The decision by the D.C. public schools to cut the Interhigh athletic budget, forcing drastic cutbacks in personnel, didn't surprise the coaches, but caused concern over the plight of sports in the city.
"It's nothing new. Coaches not being paid has been going on for some time," said Alan Chin, former athletic director and coach at Anacostia.
"We've been biting the bullet. The last spring. I know because I coachd the golf team. The only reason I did it was because I was athletic director and got $1,000. I'm not sure I'll do it again because the ads get only $500 now."
Because of insufficient funds, the D.C. system was force to cut out stipens for all junior varsity coaches, the coaches of minor sports and most of the assistant coaches.
Only the head coaches in football, basketball (boys and girls), baseball (softball for girls), outdoor track (girls and boys), volleyball (girls) and one assistant coach in football will be paid. The four head coaches of the major sports for boys and the girls basketball coach receive $1,000 while the other coaches receive $750.
The fact that the wrestling, swimming, soccer, indoor track, cross country, golf, gymnastics and tennis coaches won't get paid didn't distrub many of the athletic directors because most of those coaches weren't receiving a salary anyway.
We usually double up or split what money we get," said Bob Burnett, Theodore Roosevelt athletic director and track and tennis coach. "Most of the guys here would probably work for nothing. What we received wasn't worth the time you put in anyway."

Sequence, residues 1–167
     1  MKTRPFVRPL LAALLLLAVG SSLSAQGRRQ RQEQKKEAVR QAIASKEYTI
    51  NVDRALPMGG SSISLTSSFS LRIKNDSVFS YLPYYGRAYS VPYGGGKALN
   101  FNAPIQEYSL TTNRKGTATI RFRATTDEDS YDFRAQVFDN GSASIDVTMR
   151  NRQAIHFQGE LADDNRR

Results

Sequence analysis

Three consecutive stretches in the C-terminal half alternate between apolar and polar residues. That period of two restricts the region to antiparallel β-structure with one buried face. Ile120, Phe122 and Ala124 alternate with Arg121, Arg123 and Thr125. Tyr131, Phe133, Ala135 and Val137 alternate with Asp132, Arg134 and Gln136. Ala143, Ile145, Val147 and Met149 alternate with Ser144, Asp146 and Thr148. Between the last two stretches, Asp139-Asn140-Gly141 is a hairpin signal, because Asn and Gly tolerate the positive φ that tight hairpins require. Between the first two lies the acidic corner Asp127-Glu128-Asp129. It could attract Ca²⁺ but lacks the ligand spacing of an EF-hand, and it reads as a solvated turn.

Several athletic directors and coachs have vowed to quit unless money is found to restore order tothe athletic program.
"Some of us are talking about a work stoppage. The problem has been there for years and we sas it getting worse each year," said Willy Stewart, Eastern football coach and president of the D.C. Coaches Association. "We interchange coaches here and help each other as a system.That way everyone will get a little money."
Chin, Stewart and other coaches also expressed concern over the situation, which could cause a migration of junior high school students to the Catholic schools.
"Who'd blame them for going?" asked Chin.
"With no JV program anywhere, where can the kids pick up experience?" Stewart said. "They're either too old or weigh too much for Boys Club sports."
School Supt.Vincent Reed warned the coaches at previous meetings of the potential cutbacks and offered the suggestion of finding neighborhood volunteers.
"That brings about the question of qualification," said Stewart. "We already have volunteers at every school. And even they can't work for nothing forever."
In 1967, Burnett said Roosevelt was appropriated a total of $3,800 to pay coaches' salaries. The school received $3,200 the past year.
"We should be getting more, especially since we've added new schools and the cost of equipment has risn sharply," said Burnett.
Interhigh Athletic Director Otto Jordon sympathizes with his coaches but at the same time knows of the money problems that have plagued the Interhigh for years.
"Priorities. The system determines what they are and that's where the money goes. Athletics is obviosly not at the top of the list," said Jordan.
Except for few exceptions, most of the city's athletic directors said their schools will field spring sports. [TEXT OMITTED FROM SOURCE]tr for add five.
"In the fall, it may be a different story," said Stewart. "We'll sit down and decide what to do before football practice (Aug.15)
"Maybe the people who make these decisions don't want athletics in the city anymore. It certainly looks like they're trying to phase it out."